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Study of iron overload yields surprising results


Early results of the largest and most diverse screening study of a genetic condition that causes too much iron to build up in the body show that Asians and Pacific Islanders have the highest mean levels of iron in their blood of all ethnic groups involved, including African Americans, Caucasians, Hispanics, and Native Americans.

Hemochromatosis, one of the most common inherited disorders among Caucasians, can lead to iron overload, or a buildup of iron in the body’s organs. This extra iron, which can be easily treated if detected early, can increase the risk of diabetes, arthritis, sexual dysfunction, liver disease and liver cancer and heart disease.

When the study is completed, researchers hope to have answers to the key questions that will help policymakers decide whom should be screened for hemochromatosis and iron overload, when should they be screened, and what screening methods should be used.

At the start of the study in 1999, it was known that most cases of hemochromatosis in Caucasians result from a mutation in the hemochromotosis (HFE) gene. The mutation, known as C282Y, was first discovered in 1996. Little was known about iron overload in other racial and ethnic groups.

Surprisingly, results of the Hemochromatosis and Iron Overload Screening Study (HEIRS) show that Asians and Pacific Islanders had the highest blood iron levels but the lowest prevalence of HFE mutations. The full results of the screening study appear in the April 28 issue of the New England Journal of Medicine.

Wake Forest University School of Medicine was the coordinating center for the study, which recruited more than 100,000 participants in primary care settings and seven blood drawing laboratories in the United States and Canada.

The five-year study is funded by the National Heart, Lung, and Blood Institute and the National Human Genome Research Institute. Other major findings of the study include the following:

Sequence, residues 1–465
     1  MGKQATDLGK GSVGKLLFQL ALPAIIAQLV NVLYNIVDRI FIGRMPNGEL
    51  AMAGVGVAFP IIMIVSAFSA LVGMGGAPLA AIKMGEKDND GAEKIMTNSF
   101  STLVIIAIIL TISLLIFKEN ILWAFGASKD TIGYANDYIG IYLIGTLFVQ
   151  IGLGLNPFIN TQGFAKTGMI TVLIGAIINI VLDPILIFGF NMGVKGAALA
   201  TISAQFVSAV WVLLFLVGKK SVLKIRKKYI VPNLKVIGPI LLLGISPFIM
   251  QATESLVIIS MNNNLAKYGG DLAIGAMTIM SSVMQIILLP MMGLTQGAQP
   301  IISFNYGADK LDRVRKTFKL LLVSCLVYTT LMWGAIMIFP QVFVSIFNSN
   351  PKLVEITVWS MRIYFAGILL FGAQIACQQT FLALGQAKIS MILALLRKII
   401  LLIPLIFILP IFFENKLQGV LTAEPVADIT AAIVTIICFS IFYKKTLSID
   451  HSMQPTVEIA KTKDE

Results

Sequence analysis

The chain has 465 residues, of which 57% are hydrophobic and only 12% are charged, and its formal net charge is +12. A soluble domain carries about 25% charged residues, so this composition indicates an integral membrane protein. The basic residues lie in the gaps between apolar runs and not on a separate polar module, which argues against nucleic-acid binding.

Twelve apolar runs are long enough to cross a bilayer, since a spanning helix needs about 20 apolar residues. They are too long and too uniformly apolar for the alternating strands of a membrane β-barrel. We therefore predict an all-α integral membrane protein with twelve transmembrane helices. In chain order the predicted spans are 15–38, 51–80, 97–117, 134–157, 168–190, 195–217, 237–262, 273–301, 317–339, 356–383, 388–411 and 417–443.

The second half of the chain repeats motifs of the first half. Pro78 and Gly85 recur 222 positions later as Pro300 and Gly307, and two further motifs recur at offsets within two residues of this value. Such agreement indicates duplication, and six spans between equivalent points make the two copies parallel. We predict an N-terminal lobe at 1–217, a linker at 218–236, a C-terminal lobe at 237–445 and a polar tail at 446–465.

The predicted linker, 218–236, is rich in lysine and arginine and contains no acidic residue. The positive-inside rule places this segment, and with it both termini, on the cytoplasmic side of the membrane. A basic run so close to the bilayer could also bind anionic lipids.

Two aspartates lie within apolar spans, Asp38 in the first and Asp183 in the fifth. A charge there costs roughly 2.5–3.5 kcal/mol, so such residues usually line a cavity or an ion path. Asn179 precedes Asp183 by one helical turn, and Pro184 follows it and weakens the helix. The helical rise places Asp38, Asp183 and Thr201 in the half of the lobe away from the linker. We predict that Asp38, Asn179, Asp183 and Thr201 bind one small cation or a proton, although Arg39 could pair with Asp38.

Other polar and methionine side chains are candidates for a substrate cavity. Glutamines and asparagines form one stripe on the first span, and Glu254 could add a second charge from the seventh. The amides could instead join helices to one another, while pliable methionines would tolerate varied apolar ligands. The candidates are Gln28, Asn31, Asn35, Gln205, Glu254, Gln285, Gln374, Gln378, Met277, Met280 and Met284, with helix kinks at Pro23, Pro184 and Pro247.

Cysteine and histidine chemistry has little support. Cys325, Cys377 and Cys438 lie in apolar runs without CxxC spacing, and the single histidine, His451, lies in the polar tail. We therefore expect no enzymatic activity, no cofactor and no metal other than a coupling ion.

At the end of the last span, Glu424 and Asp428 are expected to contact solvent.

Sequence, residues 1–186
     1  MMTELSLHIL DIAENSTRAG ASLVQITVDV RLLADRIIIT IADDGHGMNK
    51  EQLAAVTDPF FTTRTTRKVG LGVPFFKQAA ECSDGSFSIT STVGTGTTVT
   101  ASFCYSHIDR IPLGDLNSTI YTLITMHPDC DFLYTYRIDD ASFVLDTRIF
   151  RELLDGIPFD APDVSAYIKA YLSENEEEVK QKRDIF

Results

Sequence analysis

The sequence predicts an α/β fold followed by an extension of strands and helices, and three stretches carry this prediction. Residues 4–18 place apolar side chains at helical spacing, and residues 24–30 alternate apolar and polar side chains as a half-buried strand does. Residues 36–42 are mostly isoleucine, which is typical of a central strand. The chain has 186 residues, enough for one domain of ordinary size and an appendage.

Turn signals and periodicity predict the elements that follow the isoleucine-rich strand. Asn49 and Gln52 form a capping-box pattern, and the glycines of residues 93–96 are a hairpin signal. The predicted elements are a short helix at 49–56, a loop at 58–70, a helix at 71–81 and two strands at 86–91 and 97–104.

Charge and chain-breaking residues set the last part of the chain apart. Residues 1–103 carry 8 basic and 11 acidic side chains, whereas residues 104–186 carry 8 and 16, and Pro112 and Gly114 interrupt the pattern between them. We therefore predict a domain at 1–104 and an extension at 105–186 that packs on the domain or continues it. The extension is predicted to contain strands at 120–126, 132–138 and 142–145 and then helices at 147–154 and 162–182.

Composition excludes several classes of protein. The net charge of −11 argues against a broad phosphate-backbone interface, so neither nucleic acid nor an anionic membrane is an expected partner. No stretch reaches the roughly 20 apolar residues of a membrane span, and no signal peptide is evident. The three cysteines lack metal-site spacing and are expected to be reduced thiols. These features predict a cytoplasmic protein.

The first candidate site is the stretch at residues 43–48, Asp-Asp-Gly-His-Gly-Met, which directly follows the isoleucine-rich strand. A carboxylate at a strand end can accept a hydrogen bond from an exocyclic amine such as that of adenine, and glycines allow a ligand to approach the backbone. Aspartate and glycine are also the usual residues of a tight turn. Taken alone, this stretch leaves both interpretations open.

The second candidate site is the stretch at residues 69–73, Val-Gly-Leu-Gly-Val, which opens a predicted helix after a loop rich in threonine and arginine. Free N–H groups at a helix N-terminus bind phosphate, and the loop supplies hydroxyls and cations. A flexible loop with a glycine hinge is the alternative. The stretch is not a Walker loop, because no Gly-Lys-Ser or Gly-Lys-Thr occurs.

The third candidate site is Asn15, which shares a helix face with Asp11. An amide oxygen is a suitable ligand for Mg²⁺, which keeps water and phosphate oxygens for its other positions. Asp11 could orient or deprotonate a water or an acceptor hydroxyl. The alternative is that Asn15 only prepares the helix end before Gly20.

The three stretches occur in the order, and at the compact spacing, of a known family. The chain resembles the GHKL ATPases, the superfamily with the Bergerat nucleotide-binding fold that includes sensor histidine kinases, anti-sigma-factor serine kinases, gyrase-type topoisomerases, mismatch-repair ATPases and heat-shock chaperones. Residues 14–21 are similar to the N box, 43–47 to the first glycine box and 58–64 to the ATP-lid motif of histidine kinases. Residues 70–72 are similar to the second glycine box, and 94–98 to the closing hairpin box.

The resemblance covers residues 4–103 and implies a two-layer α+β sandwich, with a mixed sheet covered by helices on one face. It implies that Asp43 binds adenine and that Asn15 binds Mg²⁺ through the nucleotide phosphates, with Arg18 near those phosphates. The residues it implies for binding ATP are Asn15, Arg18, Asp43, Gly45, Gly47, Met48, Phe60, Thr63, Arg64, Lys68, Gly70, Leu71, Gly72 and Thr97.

Caucasians had the highest prevalence of the C282Y mutation in both copies of their HFE gene (4.4 per 1,000 people). Though this is the gene combination most likely the result in hemochromatosis, the risk of developing symptoms is less than 60 percent.
The prevalence rates of this combination in other ethnic groups were: Native Americans (1.1 per 1,000), Hispanics (2.7 per 10,000), African Americans (1.4 per 10,000), Pacific Islanders (1.2 per 10,000), and Asians (3.9 per 10 million).
Most participants with the C282Y/C282Y combination had elevated levels of iron in the blood. Men with this genotype were more likely to report a history of liver disease than participants without HFE mutations.

"Our findings help us better understand the prevalence of these conditions in other ethnic groups," said David Reboussin, Ph.D., associate professor of biostatistics at Wake Forest’s School of Medicine. "The result that really surprised us was the finding that Asians and Pacific Islanders had the highest levels of iron in the blood, even though they had the lowest prevalence of the genotype most often associated with hemochromatosis."

Reboussin said it’s possible that Asians and Pacific Islanders may have a different genetic mutation that has not yet been discovered, or perhaps they have high levels of iron, but not hemochromatosis. He said that later phases of the study, which involve a more detailed study visit and follow-up data on these participants from their primary care physicians, will answer these important questions.

The HEIRS study is being conducted at five field centers in the United States and Canada: Howard University (Washington, D.C.), Kaiser Permanente Center for Health Research, Northwest and Hawaii (Portland, Ore., and Honolulu, Hawaii), London Health Sciences Centre (London and Toronto, Ontario), University of Alabama at Birmingham, and University of California, Irvine.

Karen Richardson | EurekAlert!
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